SSE has upgraded its full-year earnings projection after the energy group’s gas and hydro plants benefited from soaring power prices since Russia invaded Ukraine.
The FTSE 100 company, which also runs a regional electricity distribution network, said on Tuesday it expected adjusted earnings per share to range of 92p-97p, compared with guidance last month of at least 90p.
Russia’s invasion has sent electricity prices to record highs, while owners of steady sources of energy such as gas have benefited as they helped balance the electricity grid during several periods of low winds. More recently, SSE benefited from a revival of renewable energy – including wind farms and hydro generation – as a result of more suitable weather conditions.
“The war has had significant consequences for energy markets and policy, contributing to historically high and volatile prices, ”the company said in a statement. “SSE has so far been served well by its prudent hedging approach and has successfully managed any increasing credit and collateral requirements.”
SSE is also one of five regional electricity distribution monopolies, serving 3.8mn customers in northern Scotland and southern England.
The group, formerly known as Scottish and Southern Energy, has in the past few years undergone a strategic shift away from fossil fuels to focus on renewables and regulated regional electricity networks. In 2020 it offloaded its household energy supply business to Ovo Energy and sold its North Sea gasfields.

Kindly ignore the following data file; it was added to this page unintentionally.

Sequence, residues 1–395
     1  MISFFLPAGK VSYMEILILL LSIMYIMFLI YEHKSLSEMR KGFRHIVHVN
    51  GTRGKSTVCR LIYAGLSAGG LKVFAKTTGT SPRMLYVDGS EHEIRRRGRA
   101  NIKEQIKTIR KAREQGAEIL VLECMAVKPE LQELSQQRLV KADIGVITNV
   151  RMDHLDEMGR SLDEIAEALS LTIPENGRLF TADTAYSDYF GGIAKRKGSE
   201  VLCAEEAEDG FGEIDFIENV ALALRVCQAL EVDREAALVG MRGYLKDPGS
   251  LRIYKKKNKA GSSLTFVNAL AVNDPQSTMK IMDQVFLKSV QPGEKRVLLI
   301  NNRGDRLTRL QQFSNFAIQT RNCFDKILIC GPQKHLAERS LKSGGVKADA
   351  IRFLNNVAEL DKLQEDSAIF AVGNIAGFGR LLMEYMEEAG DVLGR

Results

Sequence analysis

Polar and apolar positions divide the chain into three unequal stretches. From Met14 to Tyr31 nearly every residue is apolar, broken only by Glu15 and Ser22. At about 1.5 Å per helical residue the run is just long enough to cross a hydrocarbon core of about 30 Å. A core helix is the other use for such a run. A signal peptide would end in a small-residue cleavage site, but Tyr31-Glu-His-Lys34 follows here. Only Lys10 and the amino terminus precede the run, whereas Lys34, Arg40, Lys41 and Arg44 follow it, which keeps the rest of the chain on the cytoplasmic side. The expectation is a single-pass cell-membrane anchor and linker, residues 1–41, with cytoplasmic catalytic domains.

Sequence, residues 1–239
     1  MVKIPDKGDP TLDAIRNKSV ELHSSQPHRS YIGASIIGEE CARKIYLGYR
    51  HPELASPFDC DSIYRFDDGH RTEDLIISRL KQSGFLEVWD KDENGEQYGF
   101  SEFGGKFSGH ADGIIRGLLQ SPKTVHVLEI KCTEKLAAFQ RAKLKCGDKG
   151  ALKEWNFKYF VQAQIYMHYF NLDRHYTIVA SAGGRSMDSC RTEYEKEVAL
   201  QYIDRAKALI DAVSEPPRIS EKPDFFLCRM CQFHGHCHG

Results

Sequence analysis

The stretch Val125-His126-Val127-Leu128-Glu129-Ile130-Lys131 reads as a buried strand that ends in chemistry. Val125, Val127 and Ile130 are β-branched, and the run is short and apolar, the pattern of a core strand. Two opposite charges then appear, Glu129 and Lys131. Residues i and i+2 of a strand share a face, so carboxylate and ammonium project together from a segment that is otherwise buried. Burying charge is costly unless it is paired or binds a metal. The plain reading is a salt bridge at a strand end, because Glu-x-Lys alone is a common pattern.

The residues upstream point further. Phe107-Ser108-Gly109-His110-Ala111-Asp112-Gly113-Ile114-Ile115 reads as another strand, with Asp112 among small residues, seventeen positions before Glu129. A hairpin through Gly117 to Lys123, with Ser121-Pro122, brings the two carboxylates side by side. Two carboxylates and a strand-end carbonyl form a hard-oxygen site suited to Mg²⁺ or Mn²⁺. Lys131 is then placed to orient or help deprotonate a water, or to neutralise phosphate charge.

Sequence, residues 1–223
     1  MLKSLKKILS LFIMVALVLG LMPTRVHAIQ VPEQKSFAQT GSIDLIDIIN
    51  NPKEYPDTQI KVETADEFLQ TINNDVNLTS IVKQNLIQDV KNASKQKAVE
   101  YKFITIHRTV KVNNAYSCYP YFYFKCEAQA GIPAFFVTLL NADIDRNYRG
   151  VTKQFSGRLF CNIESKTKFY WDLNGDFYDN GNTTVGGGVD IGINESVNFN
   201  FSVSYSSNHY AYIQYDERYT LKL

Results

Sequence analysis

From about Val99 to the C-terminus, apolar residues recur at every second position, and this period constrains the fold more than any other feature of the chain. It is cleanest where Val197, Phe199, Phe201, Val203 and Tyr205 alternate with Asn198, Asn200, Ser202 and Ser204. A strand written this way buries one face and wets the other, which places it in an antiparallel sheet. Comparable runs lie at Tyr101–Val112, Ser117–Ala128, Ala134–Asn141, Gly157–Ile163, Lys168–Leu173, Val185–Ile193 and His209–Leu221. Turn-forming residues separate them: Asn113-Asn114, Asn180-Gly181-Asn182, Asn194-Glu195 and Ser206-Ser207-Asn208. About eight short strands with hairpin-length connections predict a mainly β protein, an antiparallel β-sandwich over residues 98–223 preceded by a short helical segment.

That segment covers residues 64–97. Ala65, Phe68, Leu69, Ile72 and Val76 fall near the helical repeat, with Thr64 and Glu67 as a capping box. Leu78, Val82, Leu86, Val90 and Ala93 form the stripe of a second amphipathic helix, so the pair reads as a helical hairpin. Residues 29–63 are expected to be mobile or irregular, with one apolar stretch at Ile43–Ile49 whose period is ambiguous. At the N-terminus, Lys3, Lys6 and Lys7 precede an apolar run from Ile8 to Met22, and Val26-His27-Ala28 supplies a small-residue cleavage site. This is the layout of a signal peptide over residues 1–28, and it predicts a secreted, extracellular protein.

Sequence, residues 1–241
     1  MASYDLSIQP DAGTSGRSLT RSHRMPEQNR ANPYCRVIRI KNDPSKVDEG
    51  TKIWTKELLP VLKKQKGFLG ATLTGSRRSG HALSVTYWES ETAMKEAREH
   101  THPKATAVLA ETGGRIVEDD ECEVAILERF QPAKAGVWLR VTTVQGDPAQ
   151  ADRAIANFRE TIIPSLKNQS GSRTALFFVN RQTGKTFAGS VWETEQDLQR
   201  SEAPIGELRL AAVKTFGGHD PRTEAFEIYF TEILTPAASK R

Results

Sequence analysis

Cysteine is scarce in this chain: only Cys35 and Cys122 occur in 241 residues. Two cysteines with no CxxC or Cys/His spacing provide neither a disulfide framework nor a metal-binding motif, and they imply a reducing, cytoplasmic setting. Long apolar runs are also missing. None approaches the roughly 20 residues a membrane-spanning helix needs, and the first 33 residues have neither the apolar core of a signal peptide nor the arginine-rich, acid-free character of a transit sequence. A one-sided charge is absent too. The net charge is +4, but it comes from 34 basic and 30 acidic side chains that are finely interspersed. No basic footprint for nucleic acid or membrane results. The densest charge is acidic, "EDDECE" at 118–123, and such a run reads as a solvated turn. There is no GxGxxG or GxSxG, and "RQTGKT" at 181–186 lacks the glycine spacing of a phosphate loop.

It intends to invest around £ 2bn this year in low-carbon electricity projects, including building the world’s largest offshore wind farm at Dogger Bank off England’s east coast, and upgrading onshore power networks to connect new projects.
Other plans include developing new gas-fired power plants incorporating carbon capture and storage technology, and a proposal for the world’s first large scale hydrogen burning power plant. SSE is also looking to expand into building offshore wind farms overseas.
The company this month completed the £ 1.28mn sale of its 33.3 per cent stake in regional gas distribution operator Scotia Gas Networks to a consortium including Ontario Teachers’ Pension Plan Board and Brookfield Super-Core Infrastructure Partners.
The sale comes amid a wave of international transactions in the energy sector. National Grid on Sunday sold a 60 per cent stake in its UK gas transmission business to a consortium of investors in Australia and North America, led by Australian bank Macquarie.
Danish energy company Ørsted on Monday sold a 50 per cent stake in its proposed Hornsea 2 wind farm development to French bank Crédit Agricole and insurer Axa in a £ 3bn deal.